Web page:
My (unrealistic) hope for a controversy-free World Cup lasted all of 71 minutes in the first match of the competition, when a Brazilian player hit the ground in apparent pain after minimal contact from his opponent. The referee was deceived and awarded a penalty kick, which Brazil converted to break a 1-1 tie that would have been a wonderful result for Croatia.
The New York Times just published an interesting article that relates to ISLE’s June 10 blog on diving in soccer. The author of the article wonders if the USA puts itself at a competitive disadvantage when it comes to international competition because diving to deceive the referee is not part of our national culture. As a result, our players apparently are not sufficiently skilled at the art of diving. If you saw the Brazil-Croatia World Cup opening game, the following observation by the NY Times author probably will ring true:
“It is undeniable that this tendency matters, particularly at the World Cup, where a single decision can be so meaningful. Little more than an hour into the opening game of this tournament, Frederico Chaves Guedes, a Brazilian forward known as Fred, went to control the ball near the top of the penalty area. He felt a Croatian defender’s hand on his shoulder. He then flung himself to the ground as if yanked back by a puppeteer’s string, throwing his arms into the air and screaming hysterically.”
I’m sure we have not seen the end of such theatrics as the tension mounts for all teams in Brazil and national heartbreak is inevitable for all but one nation.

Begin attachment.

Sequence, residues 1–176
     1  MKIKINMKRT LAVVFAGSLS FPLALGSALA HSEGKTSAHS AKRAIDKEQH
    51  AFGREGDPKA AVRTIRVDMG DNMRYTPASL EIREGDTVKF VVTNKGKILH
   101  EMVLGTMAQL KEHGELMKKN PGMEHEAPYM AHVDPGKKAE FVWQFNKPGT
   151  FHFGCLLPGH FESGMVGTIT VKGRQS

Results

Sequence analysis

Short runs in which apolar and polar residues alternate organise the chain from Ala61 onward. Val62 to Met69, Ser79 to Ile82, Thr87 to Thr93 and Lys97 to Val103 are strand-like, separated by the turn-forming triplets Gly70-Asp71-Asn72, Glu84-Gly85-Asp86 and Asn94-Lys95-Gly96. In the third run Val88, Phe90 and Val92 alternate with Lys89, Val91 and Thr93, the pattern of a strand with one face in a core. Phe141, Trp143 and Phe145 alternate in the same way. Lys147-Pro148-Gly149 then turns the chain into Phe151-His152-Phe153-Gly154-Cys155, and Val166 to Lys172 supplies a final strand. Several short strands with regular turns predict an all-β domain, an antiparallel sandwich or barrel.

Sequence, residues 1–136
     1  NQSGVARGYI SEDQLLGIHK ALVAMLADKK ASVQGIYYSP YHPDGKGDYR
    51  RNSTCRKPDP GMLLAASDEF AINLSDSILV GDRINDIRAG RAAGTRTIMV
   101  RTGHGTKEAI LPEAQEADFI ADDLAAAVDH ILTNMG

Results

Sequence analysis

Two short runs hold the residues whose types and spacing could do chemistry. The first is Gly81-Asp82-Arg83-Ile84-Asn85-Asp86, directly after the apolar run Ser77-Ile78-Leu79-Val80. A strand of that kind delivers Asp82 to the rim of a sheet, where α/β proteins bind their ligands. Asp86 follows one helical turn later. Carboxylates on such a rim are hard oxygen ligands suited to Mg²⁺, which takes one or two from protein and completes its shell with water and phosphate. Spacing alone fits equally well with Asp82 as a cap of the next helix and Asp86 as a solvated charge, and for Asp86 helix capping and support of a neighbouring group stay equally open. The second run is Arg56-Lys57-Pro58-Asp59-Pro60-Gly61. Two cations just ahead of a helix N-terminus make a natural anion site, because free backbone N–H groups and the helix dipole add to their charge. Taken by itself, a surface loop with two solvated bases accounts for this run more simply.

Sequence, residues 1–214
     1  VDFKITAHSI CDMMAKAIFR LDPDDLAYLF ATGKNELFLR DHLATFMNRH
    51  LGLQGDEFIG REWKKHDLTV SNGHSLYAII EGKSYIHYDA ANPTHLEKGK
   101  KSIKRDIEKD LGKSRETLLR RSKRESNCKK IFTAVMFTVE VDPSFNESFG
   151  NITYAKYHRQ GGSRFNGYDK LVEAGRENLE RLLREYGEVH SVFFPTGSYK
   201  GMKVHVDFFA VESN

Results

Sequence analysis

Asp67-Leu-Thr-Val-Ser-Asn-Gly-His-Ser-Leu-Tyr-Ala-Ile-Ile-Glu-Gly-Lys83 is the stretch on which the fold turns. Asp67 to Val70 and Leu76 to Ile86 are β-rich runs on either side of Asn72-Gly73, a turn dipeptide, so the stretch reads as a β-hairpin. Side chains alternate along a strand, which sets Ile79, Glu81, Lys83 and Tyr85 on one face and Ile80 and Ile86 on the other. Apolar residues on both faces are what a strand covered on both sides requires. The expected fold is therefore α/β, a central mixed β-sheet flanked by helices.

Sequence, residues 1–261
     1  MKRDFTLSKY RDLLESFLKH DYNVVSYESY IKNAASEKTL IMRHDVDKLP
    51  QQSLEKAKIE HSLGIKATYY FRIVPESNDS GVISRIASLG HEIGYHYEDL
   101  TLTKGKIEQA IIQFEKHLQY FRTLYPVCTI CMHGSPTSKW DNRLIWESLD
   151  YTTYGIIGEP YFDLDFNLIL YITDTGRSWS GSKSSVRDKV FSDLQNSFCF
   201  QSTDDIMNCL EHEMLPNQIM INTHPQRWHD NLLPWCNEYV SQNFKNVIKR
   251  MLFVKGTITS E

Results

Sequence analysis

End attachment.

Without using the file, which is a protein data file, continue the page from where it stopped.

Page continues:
Now to Major League Baseball, and its curious method of deciding which team should receive the benefit of potentially playing four of the seven World Series games on its home field. As you probably know, MLB awards home-field advantage to the team representing the league (American League or National League) that wins the All-Star game that season.
That’s right. A potentially significant competitive advantage in the most important set of games in the sport of baseball is based on who wins an exhibition game. I understand that Commissioner Selig was embarrassed when an All-Star game ended in a tie earlier on his watch (2002), and there were reports that MLB’s broadcast partners and sponsors wanted the All-Star game to “mean something,” but it is at heart an exhibition game and ratings have not improved.
MLB’s approach allows for a scenario such as this: assume every San Francisco Giant selected for the 2014 All-Star game is either injured or ill or, for the pitchers, unable to participate due to the timing of their previous appearance on the mound. The National League goes on to win the game even without the participation of any of the Giants players. The Giants then win the pennant and are given home-field advantage in the World Series. Is that fair on any level?
The sporting world won’t end if MLB continues this approach. I just don’t think MLB can change the nature of the All-Star contest by adopting a clever tag line (“This Time It Counts”) or by awarding a prize far out of proportion to the merits of the competition. Every team must be represented on the All-Star roster, the manager will do his best to insure that every position player sees some action, and no pitcher will be unduly extended. That does not sound like a formula that puts winning above other factors.
It is true that any format can be criticized. The previous approach of simply alternating the years for home-field advantage in the World Series could provide a team that snuck into the playoffs as a wild card the home-field advantage over a team that won 110 games. I am fine with that, but I understand why others might disagree. Or, one might argue that the results of interleague play, a much larger sample size than one exhibition game, should determine home-field advantage, and I would not argue with that, either.
So what would you do as MLB Commissioner on this issue? I welcome your thoughts.